Almost overnight, everyone stopped talking about how we must stop polluting the Earth with plastics. Instead, people were discussing protective equipment that could help save lives. I felt compelled to talk about this shift, especially as the only books on plastics in the shops were about how consumers can reduce, reuse and recycle.
For my book, “Plastic Unlimited: How Corporations Are Fuelling the Ecological Crisis and What We Can Do About It”, I envisioned each chapter telling its own story, from toxicity to marine plastic waste, the climate crisis, the pandemic and then the future. Splitting it into distinct but linked stories helped me stay disciplined, and I think the result is something that always has something gripping to say but retains its academic rigour.
I had to delve into historical research, because all of the present-day crises I covered actually began decades ago. Since the Second World War, there has been an exponential growth curve of plastics and petrochemical production linked to the industry’s relentless drive to manufacture and expand demand for plastic products around the world, regardless of the toxic harms.
Without serious policy interventions, I don’t see this growth abating anytime soon, and even models based on the most radical of societal changes predict that there will be about three times as much plastic waste in the ocean in 20 years’ time as there is now.
My book explains how the problems of toxicity, marine waste and the climate crisis have interconnected corporate roots, and why it’s these forces that really continue to drive us towards ecological catastrophe.
‘Big plastic’ uses many of the strategies from the corporate playbook employed by big oil and big tobacco.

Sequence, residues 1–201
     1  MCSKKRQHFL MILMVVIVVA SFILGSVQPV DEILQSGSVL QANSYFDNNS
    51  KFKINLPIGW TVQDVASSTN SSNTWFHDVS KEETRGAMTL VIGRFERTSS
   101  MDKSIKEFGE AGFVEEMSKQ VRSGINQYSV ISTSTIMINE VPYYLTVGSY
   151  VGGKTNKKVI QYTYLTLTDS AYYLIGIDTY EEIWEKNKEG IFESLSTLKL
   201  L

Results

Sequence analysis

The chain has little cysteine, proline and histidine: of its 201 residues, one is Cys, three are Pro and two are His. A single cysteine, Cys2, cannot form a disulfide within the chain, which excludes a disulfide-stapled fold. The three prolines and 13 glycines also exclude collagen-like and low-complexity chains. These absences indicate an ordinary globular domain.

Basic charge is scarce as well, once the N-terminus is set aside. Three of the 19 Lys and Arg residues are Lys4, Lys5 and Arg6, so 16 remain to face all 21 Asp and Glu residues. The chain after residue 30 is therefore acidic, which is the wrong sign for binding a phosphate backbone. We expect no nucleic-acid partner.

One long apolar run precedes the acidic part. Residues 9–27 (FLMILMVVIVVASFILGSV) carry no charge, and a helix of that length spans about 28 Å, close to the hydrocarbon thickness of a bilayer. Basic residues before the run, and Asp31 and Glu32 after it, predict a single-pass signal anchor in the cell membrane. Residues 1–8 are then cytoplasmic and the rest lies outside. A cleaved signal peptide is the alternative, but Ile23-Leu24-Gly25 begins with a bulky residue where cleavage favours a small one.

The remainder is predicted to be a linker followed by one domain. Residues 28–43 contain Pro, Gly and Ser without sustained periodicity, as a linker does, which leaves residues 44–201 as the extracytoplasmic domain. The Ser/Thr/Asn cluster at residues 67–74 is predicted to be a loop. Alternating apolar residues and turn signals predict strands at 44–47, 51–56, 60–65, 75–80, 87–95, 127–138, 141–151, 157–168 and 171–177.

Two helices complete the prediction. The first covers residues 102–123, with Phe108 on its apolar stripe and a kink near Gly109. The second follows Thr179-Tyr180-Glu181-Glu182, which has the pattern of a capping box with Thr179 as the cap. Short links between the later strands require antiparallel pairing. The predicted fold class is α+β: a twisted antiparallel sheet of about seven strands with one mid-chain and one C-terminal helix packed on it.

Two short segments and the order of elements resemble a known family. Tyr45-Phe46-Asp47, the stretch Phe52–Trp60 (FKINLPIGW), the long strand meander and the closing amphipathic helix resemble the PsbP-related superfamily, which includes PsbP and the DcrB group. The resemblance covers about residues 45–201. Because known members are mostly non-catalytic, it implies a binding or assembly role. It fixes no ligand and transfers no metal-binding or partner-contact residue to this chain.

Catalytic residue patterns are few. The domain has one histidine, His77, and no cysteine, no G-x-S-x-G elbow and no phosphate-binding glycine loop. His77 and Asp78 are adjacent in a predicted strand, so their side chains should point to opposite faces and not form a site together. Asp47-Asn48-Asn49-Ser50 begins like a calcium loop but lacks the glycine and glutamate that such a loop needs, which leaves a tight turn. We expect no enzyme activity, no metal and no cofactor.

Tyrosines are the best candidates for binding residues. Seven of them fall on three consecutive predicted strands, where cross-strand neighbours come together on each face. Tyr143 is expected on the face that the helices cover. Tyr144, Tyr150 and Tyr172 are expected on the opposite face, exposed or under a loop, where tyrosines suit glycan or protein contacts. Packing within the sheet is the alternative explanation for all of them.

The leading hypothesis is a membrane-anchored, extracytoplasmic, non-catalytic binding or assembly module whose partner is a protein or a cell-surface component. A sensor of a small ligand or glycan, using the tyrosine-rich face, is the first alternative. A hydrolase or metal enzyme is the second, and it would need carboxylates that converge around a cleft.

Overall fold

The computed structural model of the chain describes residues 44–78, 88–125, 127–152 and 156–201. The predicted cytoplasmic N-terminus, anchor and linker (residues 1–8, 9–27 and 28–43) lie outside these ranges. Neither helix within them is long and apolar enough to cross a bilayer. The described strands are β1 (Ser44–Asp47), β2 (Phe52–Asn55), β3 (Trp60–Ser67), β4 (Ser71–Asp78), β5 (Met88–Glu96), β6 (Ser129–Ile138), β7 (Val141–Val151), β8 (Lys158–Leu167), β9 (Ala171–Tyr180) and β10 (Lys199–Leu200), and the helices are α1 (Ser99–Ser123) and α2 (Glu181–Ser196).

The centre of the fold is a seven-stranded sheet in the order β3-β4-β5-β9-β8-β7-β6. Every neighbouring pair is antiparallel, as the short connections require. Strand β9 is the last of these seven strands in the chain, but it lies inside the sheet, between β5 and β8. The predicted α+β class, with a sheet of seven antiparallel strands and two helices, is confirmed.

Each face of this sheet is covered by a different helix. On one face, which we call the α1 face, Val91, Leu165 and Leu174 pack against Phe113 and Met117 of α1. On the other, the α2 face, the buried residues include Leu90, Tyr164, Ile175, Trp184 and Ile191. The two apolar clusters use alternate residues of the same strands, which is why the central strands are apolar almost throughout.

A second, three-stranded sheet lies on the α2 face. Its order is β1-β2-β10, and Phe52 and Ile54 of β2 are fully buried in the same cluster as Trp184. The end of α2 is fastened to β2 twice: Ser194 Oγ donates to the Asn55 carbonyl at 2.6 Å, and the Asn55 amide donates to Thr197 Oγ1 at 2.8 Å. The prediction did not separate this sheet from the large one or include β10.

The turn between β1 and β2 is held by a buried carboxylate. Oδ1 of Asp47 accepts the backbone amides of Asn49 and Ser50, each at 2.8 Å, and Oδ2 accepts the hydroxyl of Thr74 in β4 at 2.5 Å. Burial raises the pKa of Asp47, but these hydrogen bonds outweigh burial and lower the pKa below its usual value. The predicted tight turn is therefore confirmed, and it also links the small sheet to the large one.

From denying the toxic hazards of petrochemicals to funding misinformation campaigns around the effectiveness of recycling (most items that go into the recycling bin actually end up being burned or dumped), nothing is off-limits in the effort to resist regulation and protect profits.
When I attended an industry conference in 2019, corporations responded to the outrage over images of marine wildlife choking on plastic by framing the issue as one of littering rather than overproduction.
As one executive put it: “We need to get the image of plastic in the oceans out of the public’s mind; we need to make plastic fantastic again.” It’s a battle that the industry is, on many levels, winning. There are currently no global or national policy visions of a circular economy that go as far as to call for limiting plastic production altogether. You can probably see how working in this field can challenge your optimism. But there are reasons to remain positive.
In March, the UN Environment Assembly agreed on a mandate for a new global treaty to address the crisis – a significant step towards creating legally binding measures to prevent toxic plastic pollution. This builds on the inspiring global anti-plastics movement that is fighting many grassroots environmental justice battles against polluters.
Personally, grounding myself in the here and now of life at Warwick helps, too. When I talk to my students in environmental sociology that I teach, I see their passion and it gives me hope.
And in this field, hope is exactly what you need to hold on to.
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